Soluble receptors for advanced glycation end-products prevent unilateral ureteral obstruction-induced renal fibrosis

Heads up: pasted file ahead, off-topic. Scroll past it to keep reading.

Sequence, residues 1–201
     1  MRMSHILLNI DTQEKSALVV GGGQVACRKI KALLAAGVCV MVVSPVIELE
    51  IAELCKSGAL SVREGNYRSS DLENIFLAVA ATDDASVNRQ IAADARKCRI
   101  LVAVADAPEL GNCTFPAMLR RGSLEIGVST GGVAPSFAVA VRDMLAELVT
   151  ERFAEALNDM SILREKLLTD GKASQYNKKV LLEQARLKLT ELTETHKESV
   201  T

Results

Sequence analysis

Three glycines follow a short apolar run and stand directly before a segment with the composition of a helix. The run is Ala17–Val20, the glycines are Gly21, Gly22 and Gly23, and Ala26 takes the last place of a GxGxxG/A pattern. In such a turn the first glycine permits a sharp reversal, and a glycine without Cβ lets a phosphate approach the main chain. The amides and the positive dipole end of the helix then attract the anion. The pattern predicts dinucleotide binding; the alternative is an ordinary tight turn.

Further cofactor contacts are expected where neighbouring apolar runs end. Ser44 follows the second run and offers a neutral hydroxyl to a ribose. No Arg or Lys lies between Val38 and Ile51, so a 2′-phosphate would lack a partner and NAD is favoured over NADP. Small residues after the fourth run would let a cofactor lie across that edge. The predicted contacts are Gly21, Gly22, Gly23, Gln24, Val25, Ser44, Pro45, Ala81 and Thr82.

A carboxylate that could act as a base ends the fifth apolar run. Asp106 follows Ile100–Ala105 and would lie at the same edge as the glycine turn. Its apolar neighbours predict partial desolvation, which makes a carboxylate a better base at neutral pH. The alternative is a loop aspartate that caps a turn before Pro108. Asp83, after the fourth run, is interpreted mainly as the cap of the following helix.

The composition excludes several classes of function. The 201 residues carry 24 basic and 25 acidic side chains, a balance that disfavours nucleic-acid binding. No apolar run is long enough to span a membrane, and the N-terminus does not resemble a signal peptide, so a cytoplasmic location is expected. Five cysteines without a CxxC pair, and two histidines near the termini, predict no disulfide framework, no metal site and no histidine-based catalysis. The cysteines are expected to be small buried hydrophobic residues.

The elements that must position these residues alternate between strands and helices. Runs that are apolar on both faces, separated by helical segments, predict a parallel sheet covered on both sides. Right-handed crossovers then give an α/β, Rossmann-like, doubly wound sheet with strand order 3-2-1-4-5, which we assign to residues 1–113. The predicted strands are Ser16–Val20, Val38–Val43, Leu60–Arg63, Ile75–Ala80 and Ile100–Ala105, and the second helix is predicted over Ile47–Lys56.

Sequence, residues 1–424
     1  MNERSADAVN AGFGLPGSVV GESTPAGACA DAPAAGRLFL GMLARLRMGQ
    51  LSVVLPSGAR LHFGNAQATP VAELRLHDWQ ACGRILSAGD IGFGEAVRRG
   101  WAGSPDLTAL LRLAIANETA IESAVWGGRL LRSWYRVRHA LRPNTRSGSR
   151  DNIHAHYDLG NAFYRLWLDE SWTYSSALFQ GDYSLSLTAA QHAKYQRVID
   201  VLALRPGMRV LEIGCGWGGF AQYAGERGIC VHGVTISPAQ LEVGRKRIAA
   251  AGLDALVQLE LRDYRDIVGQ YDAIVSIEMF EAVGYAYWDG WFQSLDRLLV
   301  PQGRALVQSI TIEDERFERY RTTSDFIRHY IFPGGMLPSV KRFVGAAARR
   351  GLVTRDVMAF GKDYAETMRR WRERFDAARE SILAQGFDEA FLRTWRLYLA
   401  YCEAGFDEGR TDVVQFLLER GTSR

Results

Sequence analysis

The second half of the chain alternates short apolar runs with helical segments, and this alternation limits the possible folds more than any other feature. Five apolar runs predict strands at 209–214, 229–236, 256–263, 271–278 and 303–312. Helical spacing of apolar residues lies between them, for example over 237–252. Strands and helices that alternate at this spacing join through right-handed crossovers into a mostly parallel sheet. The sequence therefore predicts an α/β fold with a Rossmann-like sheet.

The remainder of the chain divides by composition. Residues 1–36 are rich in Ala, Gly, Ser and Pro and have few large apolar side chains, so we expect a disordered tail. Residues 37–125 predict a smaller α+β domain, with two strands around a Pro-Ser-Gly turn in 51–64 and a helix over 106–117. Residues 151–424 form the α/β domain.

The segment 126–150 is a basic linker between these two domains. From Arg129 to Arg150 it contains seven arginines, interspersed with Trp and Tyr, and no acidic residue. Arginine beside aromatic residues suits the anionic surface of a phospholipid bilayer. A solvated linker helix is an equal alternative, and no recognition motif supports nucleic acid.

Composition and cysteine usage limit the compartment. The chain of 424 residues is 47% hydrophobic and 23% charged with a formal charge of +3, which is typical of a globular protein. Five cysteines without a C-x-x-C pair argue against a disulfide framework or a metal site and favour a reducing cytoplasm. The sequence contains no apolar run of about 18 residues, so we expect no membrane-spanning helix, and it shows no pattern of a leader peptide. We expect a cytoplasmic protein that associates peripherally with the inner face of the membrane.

Introduction: The receptor for advanced glycation end products (RAGE) and its ligands, such as high-mobility group protein box 1 (HMGB1), play an important role in the accumulation of extracellular matrix in chronic kidney diseases with tubulointerstitial fibrosis. Blocking RAGE signaling with soluble RAGE (sRAGE) is a therapeutic candidate for renal fibrosis. Methods: NRK-52E cells were stimulated with or without HMGB1 and incubated with sRAGE in vitro . Sprague-Dawley rats were intraperitoneally treated with sRAGE after unilateral ureteral obstruction (UUO) operation in vivo . Results: HMBG1-stimulated NRK-52E cells showed increased fibronectin expression, type I collagen, α -smooth muscle actin, and connective tissue growth factor, which were attenuated by sRAGE. The mitogen-activated protein kinase (MAPK) pathway and nuclear translocation of nuclear factor kappa B (NF-κB) were enhanced in NRK-52E cells exposed to HMBG1, and sRAGE treatment alleviated the activation of the MAPK and NF-κB pathways. In the UUO rat models, sRAGE significantly ameliorated the increased renal fibronectin, type I collagen, and α-smooth muscle actin expressions. Masson’s trichrome staining confirmed the anti-fibrotic effect of sRAGE in the UUO rat model. RAGE also significantly attenuated the activation of the MAPK pathway and NF-κB, as well as the increased number of infiltrated macrophages within the tubulointerstitium in the kidney of the UUO rat models. Conclusion: These findings suggest that RAGE plays a pivotal role in the pathogenesis of renal fibrosis and that its inhibition by sRAGE may be a potential therapeutic approach for renal fibrosis.